The Games We Play

Simon Macdonald, author of The Little Book of Team Games, explains the importance of games in the early years. 

This Little Book focuses on encouraging emphasis on ‘togetherness’: a move away from the individual and towards the collective. Children in early years settings are faced with huge challenges regarding socialisation, sharing and growing in responsibility, and this book provides excellent opportunities for them and their carers to address these issues through team play.

I guess that I have always loved games.  For as long as I can remember I have always wanted to play them.  And I’m not picky.  Any kind of game will do.  The joy of game-playing is that once the rules have been learnt and mastered – or, frequently in my case, not – then there will always be another game along in a little while.  Or an old favourite.  Or a completely invented and arbitrary one.  Whatever it is that draws us towards playing games against someone else or in teams, I would argue that the feeling is something collective and shared: we want to challenge ourselves, test our mettle, push ourselves, but, overwhelmingly and perhaps more tellingly, we want to have fun and we want to have fun with each other.

The Little Book of Team Games is my attempt at acknowledging their value while being only too aware of the c-word lurking in the background.  Competitiveness has become a byword for all the evil excesses of team sports – and I share many of these doubts about the suitability of team game playing for young children especially when the role models they are shown can often behave rather badly when put to the test.  But I would argue that the extreme alternative of Sports Day events that dilute the need to compete at all – the following are ‘real games’ that I have witnessed at first hand: Walking Slowly, Hanging the Washing on the Line, and Sleeping Lions – do something far worse.  They dismiss the sense of taking part as a collective and cheering each other on as well as the sense of achievement a team may feel in doing well at something.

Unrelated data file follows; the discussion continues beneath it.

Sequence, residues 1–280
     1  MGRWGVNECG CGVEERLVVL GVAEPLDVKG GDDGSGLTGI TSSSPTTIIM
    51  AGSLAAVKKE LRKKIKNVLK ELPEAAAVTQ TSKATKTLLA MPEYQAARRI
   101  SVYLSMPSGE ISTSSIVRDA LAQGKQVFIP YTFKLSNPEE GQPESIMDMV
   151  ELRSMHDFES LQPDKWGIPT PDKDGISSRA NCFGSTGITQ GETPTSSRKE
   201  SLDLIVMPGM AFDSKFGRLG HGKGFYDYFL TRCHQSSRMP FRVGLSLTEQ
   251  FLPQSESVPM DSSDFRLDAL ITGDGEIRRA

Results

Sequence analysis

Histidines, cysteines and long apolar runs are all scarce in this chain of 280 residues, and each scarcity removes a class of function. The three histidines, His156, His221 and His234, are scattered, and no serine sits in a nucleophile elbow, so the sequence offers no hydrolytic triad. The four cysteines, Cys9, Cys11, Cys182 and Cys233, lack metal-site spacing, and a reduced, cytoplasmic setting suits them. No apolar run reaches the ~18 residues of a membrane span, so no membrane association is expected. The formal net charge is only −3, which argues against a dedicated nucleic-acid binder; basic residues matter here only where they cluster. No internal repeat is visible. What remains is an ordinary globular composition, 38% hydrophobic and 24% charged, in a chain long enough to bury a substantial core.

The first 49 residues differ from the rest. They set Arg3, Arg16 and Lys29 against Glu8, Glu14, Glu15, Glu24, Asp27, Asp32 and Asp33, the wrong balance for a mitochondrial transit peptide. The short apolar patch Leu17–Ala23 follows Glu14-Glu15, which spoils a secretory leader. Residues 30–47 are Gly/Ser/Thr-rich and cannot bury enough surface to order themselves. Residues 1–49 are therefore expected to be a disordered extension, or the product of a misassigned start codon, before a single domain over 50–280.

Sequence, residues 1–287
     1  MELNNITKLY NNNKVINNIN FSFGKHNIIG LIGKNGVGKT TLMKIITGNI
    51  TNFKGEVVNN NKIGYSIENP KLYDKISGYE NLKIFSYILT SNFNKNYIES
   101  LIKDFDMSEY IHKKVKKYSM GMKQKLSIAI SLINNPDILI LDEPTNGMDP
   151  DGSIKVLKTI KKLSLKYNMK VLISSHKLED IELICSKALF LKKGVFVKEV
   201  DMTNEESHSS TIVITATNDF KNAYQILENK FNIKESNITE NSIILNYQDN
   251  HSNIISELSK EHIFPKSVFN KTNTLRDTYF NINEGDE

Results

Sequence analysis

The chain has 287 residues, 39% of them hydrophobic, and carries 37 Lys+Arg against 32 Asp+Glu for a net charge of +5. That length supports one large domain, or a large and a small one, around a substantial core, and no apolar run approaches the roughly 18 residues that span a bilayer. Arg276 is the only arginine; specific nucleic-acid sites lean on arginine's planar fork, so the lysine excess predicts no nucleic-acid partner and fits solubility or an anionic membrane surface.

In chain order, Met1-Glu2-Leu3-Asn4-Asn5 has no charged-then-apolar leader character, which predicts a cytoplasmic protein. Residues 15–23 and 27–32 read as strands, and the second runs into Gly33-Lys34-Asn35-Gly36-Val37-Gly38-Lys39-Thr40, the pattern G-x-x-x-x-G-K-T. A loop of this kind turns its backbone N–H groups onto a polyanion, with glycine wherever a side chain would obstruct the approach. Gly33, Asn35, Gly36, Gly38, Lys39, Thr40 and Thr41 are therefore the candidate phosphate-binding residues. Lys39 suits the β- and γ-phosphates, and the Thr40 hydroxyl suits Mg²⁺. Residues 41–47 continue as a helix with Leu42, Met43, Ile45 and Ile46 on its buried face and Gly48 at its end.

Yes, let’s not teach ourselves to win at any cost; to not only beat our opponents but to grind them into the dirt, but let’s encourage those who can run, throw, jump, catch, dribble and so on so that these skills are seen and valued as something to be proud of and, that we, as a team, are right behind each other.

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